The Dryopithecus Pattern. Answering the question, "whose tooth is it, anyway"?

J. Kazimiroff

Research output: Contribution to journalArticle

2 Scopus citations


When dentists restore a five-cusped lower molar, carving into the amalgam or wax, they recapitulate eons of evolution. As students, dentists are taught to create the particular arrangement of grooves that we call the Dryopithecus Pattern. The configuration, made up of five cusps, forms the basic occlusal pattern of the modern and ancient lower molar in Homo sapiens.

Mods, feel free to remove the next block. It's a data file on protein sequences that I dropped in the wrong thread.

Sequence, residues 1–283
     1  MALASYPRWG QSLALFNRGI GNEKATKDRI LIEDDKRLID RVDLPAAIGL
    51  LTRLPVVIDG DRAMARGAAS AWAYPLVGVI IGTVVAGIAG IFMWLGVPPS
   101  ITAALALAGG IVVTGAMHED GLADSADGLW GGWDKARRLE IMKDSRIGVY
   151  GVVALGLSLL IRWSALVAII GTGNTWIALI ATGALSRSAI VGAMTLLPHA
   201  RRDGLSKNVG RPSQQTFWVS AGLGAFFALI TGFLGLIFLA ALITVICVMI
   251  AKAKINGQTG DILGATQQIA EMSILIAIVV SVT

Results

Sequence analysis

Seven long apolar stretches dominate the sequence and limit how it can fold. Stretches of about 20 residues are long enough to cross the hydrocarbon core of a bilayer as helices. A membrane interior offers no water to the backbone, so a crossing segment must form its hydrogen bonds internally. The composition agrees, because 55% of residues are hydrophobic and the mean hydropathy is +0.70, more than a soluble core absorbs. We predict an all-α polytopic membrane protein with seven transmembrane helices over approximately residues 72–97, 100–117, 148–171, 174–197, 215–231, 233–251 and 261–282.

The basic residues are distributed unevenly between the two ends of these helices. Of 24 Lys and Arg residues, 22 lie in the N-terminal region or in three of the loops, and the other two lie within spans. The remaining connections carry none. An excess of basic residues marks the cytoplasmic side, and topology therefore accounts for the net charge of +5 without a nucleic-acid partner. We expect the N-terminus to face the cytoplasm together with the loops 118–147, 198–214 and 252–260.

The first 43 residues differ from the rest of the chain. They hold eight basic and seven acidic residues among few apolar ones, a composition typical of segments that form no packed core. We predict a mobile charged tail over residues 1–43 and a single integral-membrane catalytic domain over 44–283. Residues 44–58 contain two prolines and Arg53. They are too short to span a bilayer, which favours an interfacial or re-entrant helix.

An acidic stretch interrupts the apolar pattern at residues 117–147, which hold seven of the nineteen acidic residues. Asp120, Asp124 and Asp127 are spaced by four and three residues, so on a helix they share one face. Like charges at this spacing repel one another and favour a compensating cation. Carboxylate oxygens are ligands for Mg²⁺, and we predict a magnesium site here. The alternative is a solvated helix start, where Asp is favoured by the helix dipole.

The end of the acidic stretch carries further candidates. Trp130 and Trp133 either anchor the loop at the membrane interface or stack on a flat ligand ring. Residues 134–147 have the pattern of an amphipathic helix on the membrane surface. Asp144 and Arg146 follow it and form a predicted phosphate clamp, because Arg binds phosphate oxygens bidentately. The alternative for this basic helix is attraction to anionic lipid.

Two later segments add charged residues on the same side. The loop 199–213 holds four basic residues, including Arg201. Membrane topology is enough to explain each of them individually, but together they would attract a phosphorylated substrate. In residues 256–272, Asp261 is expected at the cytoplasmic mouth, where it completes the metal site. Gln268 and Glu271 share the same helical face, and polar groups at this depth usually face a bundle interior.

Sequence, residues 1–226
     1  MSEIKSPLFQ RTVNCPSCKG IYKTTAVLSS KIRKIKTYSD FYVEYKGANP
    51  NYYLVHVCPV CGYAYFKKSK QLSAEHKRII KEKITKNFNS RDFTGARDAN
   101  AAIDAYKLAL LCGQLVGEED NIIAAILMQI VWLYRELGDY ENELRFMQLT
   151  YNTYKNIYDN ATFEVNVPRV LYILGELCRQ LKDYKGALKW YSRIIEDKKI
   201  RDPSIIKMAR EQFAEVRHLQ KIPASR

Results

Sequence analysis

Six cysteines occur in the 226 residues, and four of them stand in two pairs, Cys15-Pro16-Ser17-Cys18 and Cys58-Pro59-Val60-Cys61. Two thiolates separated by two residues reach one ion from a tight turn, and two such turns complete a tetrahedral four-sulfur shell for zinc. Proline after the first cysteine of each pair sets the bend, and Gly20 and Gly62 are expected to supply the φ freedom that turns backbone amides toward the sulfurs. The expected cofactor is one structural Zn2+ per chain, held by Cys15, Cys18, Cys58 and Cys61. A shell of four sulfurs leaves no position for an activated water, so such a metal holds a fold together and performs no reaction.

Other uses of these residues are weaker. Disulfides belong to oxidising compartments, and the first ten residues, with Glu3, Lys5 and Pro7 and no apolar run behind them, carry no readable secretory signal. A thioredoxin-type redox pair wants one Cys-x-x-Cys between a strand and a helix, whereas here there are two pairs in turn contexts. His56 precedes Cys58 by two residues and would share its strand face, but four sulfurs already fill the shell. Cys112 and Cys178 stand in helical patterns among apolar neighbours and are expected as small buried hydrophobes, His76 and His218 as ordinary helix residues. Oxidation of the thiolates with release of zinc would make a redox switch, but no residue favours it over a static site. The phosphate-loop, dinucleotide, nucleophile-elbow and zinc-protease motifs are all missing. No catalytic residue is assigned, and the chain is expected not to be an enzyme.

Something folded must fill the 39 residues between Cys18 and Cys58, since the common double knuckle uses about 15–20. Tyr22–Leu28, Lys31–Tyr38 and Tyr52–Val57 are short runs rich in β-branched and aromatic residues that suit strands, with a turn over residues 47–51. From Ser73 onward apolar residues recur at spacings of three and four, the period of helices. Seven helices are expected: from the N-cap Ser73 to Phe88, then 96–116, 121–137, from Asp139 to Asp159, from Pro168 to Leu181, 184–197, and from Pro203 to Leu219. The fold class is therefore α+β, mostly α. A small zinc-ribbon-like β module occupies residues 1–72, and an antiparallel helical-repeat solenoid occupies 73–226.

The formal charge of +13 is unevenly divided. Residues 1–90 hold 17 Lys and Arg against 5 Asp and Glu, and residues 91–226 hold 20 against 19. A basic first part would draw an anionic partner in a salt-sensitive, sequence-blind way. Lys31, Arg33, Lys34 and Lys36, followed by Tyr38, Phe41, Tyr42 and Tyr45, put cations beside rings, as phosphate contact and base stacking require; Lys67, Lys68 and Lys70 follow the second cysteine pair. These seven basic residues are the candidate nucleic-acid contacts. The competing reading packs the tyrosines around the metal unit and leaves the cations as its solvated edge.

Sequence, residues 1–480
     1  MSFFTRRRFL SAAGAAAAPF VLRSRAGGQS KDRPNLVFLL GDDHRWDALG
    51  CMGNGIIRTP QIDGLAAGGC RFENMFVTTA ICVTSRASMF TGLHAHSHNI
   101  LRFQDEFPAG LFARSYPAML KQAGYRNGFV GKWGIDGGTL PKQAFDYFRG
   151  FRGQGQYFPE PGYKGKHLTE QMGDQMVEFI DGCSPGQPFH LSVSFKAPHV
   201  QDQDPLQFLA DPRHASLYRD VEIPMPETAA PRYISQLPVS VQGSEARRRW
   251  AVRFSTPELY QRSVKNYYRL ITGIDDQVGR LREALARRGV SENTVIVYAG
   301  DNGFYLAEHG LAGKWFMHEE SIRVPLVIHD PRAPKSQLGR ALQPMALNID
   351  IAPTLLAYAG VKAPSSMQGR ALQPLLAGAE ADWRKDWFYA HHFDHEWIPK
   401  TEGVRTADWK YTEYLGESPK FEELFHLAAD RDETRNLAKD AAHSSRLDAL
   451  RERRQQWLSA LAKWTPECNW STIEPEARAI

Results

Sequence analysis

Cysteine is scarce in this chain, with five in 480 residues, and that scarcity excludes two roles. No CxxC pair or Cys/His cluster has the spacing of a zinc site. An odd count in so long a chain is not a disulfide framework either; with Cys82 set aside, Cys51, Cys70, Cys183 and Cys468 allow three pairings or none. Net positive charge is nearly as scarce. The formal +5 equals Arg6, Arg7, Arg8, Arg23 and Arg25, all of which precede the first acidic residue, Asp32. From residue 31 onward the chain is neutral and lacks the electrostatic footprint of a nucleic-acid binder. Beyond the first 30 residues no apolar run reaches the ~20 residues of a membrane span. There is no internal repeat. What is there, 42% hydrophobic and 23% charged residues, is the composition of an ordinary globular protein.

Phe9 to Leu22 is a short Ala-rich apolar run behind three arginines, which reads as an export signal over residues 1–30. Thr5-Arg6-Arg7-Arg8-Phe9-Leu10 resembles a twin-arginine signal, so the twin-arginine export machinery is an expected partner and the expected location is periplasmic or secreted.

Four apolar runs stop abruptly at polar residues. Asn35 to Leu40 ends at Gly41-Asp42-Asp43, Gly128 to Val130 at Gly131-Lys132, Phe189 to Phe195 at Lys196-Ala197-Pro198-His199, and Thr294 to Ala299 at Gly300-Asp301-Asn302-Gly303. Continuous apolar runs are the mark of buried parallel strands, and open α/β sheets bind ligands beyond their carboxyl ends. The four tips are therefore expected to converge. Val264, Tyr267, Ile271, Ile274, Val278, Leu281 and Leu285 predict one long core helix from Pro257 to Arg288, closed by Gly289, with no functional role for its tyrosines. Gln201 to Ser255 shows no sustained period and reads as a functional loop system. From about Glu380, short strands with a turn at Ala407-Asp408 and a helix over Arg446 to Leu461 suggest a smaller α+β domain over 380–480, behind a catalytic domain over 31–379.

Original languageEnglish (US)
Pages (from-to)38-41
Number of pages4
JournalThe New York state dental journal
Issue number8
Publication statusPublished - Oct 1 1994


ASJC Scopus subject areas

  • Medicine(all)

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